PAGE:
While local law enforcement officers and first responders have a duty to answer calls for help, their lives can still be put in unnecessary danger.

When citizens within mandatory evacuation zones decide to ride out storms from home, not only do they jeopardize themselves, but also the first responders who don't have the option to take the day off.

"It's something we sign up for, but it shouldn't be something people take for granted," said Walton County Sheriff Michael Adkinson.

Adkinson said that when a natural disasters strikes, the men and women who are on call not only have to make sure their families are safe, but also look out for everyone else, even if that means hunkering down during a Category 4 hurricane.

"Everyone here that's south of the bay, they knew that they were not going home, that they were staying here and riding it out, and that meant that if the bridge gets washed out, dug in, or whatever, they're here," Adkinson said. "They can't leave to go check on their families because they're here to check on yours."

Richard Talbert, the fire chief of South Walton Fire District, said that he's been a part of the fire rescue service for around 40 years — responding to almost every natural disaster since — and that Hurricane Michael was "one for the books."

"I'm proud of our men and women here that serve our community and our visitors each and every day," Talbert said. "We're on the front line, and we're in the middle of helping out neighbors, and I feel like our guys go about it in a very quiet and humble way."

Immediately following a disaster, the fire district goes into "search and rescue mode," — which is coming to a close — and then transitions into a "recovery mode." This statewide program for regional response helps get the victims back on their feet.

"It's widely known as one of the best systems in the country, unfortunately because it's used a lot," Talbert said.

Currently, the response to the east is largely law enforcement — though fire rescue is still present — to ensure the safety to people whose lives have been changed forever.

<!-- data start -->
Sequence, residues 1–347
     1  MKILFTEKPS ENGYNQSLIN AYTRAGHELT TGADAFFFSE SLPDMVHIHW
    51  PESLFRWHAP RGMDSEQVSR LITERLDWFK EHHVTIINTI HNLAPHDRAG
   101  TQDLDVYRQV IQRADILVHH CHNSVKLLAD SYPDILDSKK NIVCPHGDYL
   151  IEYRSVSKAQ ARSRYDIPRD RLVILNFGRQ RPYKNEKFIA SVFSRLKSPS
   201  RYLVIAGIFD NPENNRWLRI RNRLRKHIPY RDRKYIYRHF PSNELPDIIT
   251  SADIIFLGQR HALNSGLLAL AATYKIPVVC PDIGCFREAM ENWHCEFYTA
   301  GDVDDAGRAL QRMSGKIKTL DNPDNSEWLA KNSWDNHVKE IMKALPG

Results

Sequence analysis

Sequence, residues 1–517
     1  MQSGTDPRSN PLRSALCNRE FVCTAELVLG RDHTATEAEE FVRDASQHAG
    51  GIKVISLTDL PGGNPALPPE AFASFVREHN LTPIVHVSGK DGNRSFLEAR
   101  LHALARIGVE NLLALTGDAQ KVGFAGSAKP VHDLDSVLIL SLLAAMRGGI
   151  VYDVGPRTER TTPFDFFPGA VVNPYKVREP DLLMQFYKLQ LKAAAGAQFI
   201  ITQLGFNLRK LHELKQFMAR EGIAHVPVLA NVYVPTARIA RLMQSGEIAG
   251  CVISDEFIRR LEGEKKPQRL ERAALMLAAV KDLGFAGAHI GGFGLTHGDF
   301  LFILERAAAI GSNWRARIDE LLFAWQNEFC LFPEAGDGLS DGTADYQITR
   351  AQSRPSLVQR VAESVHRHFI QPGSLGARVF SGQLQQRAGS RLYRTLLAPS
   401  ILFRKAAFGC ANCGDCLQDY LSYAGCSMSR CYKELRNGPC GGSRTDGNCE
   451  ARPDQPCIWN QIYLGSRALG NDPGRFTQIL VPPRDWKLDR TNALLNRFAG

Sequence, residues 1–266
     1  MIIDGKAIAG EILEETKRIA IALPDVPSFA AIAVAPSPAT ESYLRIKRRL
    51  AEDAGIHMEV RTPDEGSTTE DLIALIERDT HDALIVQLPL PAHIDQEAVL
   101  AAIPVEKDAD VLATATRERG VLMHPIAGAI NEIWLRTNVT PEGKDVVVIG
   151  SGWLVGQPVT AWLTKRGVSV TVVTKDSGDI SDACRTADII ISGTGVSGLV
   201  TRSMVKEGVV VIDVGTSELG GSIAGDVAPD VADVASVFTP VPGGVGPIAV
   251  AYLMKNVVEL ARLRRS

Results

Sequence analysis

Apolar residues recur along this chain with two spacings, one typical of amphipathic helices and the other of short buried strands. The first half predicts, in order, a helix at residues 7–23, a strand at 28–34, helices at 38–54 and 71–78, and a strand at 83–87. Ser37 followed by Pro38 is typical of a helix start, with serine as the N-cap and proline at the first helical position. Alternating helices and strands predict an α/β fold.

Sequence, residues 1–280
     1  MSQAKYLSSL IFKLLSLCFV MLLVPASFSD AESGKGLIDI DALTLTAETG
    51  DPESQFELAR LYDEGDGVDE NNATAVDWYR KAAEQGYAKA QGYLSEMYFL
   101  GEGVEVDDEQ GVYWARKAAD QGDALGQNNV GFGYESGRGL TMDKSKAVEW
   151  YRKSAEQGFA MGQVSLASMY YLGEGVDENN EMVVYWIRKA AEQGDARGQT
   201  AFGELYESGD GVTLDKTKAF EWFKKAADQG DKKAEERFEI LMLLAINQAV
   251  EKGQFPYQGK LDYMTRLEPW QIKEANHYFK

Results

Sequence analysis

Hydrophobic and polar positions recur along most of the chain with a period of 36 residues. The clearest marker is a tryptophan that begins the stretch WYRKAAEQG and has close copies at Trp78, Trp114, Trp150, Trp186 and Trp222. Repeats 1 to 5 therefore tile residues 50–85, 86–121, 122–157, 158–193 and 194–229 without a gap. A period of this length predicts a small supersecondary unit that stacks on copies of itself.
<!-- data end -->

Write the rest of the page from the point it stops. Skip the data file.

"What actually becomes difficult is that sometimes people want to help so badly that they can become part of the problem if they're not careful," said Adkinson, who shared that the most efficient way to contribute to the hurricane relief is to make donations to creditable organizations like the American Red Cross — unless someone you know is directly involved and needs your help.

Taking a day trip see the damages firsthand or donate supplies individually can clutter the roads, making travel difficult for officers and first responders.

And, if a hurricane is headed toward your area and an evacuation is advised, Adkinson said to not rely on luck like those along 30A, who rode out the storm around 30 miles form devastation.

"You got lucky, and luck is the last dying hope of the unprepared," Adkinson said.

As of now, the worst is over and the areas to the east are moving toward recovery. Resources are coming in, law enforcement and fire rescue is on scene and their members are helping bring these areas back to life.

Talbert said urged residents to have a plan for how they will handle future hurricanes or other natural disasters.

"Heed the warnings, be proactive, think two steps past what (a disaster) may do, because once it's impacted you, it's a lot to process," he said. "Maybe you rode one out, but that doesn't mean you may successfully ride every one of them out. We've got some pretty sad results and stories coming from the east of us."